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Lunch: Meal Prep for Better Type 2 Diabetes Management 

Consistently eating a healthy lunch can be difficult. You’re in the middle of your busy day and your stomach starts to grumble. What’s to eat? Fat-laden carryout? Carb-filled snacks from the vending machine? Or a delicious, balanced meal from home? With meal prepping you can make sure you have a healthy and yummy lunch ready-to-go, that helps you manage your type 2 diabetes better.

Benefits of lunch meal prep

Meal prep is a two-step process that most people get done in a couple of hours at the beginning of the week.

With meal prep you:

  1. Prepare your week’s meal in advance.
  2. Store those meals in ready-to-go portions.

Meal prep can save you time and energy when it comes to planning and cooking meals. You get to choose the dishes and ingredients that work best for you. More importantly, it makes it easier to consistently eat healthy meals that support managing your type 2 diabetes.

For lunch, the basic recipe for a healthy meal is low-carb vegetables + lean protein + healthy fat.

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Lunch meal prep ideas

With meal prep, you don’t need to stray far from traditional lunchtime favorites like sandwiches and salad. Here are some lunch meal prep ideas for managing type 2 diabetes, to get you started.

Deconstruct a sandwich

You might have seen this approach called a bistro box. All of the ingredients that go into a traditional sandwich are made bite-sized so that you can eat them without the bread. Bite-sized pieces of meat and cheese are packed with sliced veggies. Hummus, salsa, or guacamole used as a dip or condiment add flavor and variety without being full of sugar.

Use a fork to stack the ingredients into a single, flavorful bite. Or use lettuce leaves as a wrap in place of bread. The result is a new, healthier take on a lunchtime classic.

Make a meal into a salad

With low-carb vegetables being the base for lunch-making, a salad is an obvious choice. Think beyond the basic lettuce and tomato. Cabbage slaw has a nice crunch to it. Spiralized carrots and zucchini make for a colorful noodle-like base.

For a protein, look beyond the plain chicken breast or boiled egg. Chickpeas are a legume that work well in salads. Baked tofu is another unexpected protein. And, of course, you can use a fish like salmon or canned tuna.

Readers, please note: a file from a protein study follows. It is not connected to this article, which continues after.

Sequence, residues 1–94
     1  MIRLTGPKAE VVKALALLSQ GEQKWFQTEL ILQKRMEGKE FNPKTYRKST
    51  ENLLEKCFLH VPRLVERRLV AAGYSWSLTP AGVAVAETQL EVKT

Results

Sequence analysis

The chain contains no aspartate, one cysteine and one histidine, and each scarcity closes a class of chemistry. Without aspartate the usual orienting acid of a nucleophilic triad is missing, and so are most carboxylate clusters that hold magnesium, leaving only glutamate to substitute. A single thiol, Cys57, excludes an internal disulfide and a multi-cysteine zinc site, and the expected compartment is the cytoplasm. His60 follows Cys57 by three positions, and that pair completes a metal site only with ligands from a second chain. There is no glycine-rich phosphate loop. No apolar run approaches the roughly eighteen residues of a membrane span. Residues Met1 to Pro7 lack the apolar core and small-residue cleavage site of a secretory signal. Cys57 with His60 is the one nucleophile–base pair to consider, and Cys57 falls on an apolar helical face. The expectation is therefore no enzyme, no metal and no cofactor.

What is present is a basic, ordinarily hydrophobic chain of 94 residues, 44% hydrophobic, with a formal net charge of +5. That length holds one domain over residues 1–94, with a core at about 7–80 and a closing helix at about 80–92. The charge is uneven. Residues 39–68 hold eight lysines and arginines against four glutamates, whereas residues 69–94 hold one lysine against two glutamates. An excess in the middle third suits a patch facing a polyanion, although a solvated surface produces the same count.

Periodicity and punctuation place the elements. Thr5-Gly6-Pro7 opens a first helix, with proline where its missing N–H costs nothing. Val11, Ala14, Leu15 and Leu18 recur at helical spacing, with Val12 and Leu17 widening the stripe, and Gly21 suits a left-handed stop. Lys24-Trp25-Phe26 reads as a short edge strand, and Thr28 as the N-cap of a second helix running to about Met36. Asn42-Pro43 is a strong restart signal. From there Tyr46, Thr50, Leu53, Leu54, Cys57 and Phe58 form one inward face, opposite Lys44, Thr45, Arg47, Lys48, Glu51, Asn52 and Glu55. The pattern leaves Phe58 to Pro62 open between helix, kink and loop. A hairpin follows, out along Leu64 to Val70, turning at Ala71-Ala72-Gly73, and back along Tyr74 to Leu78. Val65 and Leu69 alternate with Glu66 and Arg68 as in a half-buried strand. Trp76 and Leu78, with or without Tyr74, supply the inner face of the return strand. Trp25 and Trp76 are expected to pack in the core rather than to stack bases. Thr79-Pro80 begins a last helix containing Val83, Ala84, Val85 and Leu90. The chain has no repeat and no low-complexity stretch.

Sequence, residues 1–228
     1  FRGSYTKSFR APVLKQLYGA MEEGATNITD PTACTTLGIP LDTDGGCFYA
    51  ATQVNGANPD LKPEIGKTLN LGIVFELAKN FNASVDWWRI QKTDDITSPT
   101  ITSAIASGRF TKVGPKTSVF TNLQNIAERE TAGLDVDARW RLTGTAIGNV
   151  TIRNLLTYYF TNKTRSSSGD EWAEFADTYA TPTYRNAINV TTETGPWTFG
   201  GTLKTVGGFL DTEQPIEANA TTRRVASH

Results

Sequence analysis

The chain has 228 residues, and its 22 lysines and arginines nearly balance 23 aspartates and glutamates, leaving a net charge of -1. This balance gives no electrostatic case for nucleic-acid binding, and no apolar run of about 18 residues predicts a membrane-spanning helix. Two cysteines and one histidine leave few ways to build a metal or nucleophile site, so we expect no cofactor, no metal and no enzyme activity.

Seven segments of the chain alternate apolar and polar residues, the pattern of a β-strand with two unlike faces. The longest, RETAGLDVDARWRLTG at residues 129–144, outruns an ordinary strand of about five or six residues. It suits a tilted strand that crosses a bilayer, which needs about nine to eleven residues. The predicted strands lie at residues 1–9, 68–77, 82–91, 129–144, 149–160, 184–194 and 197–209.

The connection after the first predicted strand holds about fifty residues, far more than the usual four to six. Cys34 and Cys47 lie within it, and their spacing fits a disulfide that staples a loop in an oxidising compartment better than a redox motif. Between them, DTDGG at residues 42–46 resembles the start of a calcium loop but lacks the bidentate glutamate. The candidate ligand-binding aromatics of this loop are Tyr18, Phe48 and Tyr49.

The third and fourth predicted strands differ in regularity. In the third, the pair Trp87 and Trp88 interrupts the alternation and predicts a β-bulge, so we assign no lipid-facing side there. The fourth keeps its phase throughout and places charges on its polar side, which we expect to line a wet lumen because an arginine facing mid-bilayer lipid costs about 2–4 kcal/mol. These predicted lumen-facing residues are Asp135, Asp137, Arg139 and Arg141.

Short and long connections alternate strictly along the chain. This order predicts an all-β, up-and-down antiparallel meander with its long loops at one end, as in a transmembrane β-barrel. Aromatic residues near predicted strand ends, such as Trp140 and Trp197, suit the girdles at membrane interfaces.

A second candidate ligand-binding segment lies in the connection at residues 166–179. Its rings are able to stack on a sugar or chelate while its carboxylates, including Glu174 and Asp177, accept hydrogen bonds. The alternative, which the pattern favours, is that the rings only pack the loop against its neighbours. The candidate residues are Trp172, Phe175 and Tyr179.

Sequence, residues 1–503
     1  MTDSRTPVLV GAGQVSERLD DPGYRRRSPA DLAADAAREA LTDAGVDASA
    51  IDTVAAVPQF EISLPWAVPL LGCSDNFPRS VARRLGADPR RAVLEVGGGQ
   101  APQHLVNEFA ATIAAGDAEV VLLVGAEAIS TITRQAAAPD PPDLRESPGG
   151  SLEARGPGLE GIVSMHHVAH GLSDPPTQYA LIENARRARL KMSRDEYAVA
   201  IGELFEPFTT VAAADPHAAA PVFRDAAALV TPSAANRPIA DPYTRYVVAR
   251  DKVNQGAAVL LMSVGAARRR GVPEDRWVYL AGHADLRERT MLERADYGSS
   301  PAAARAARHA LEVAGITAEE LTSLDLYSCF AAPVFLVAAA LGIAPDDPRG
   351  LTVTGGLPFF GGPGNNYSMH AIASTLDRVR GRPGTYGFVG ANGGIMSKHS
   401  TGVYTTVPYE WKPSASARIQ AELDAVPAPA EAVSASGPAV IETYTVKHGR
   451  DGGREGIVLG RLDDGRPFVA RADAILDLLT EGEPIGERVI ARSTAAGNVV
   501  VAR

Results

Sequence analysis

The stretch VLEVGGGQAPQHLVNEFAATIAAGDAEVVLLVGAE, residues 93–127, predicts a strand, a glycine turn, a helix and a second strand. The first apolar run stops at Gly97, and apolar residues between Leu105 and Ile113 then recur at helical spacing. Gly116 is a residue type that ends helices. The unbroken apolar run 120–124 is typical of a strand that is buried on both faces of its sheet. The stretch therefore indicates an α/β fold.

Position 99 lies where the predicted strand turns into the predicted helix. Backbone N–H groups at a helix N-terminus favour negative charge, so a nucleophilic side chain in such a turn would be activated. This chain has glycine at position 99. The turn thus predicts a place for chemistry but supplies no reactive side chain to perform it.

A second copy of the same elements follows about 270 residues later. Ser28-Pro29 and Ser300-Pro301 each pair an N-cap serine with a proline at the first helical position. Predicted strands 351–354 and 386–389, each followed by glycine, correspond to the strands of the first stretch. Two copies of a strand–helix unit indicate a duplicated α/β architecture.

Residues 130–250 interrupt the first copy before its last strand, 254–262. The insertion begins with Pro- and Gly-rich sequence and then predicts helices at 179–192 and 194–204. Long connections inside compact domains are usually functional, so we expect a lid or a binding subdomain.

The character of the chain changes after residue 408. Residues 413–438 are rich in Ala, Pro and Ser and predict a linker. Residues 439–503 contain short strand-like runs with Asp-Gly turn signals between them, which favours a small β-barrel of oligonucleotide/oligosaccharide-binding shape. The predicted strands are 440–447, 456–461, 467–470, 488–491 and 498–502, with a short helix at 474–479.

The dressing or sauce you choose can bring variety to your lunch even if you are using the same base and protein for several days. Having a balsamic and olive oil one day, spicy salsa on another, and a creamy Tzatziki on a third day give each day’s lunch a distinct deliciousness.

Tips for lunch meal prepping with type 2 diabetes

Here are some tips for meal prepping for lunch:

Avoid the boredom that comes from eating the same thing day after day

Make at least two different meals for the week. Or vary the ingredients so that each meal is unique. Consistently eating healthy meals doesn’t mean you’re doomed to endless repetition or that your food can’t be interesting.

Choose and prepare meals that easily fit into your lunch routine

Think about when and where you normally eat lunch. Do you eat at your desk or in the lunchroom? Do you have access to a microwave? Do you take a break from work or do you work while eating? Choosing meals that smoothly fit in your routine will make it easier to consistently enjoy the healthy meals you’ve prepared.

Be flexible about your lunch routine

Lunch can be an opportunity to socialize with your friends and colleagues. While most of the time this means joining your friends in the lunchroom, sometimes it can mean going out to eat. It’s okay to skip your prepared meal once in a while and enjoy a meal out with friends. Your goal is to be consistent, not perfect, in your healthy eating habits.

Meal prep makes for healthy and delicious lunch every day

Meal prepping lunch can help you consistently get the healthy, delicious food you need in the middle of your day. Try it. After a couple of weeks look for its positive impact on your type 2 diabetes management.

This article represents the opinions, thoughts, and experiences of the author; none of this content has been paid for by any advertiser. The team does not recommend or endorse any products or treatments discussed herein. Learn more about how we maintain editorial integrity here.

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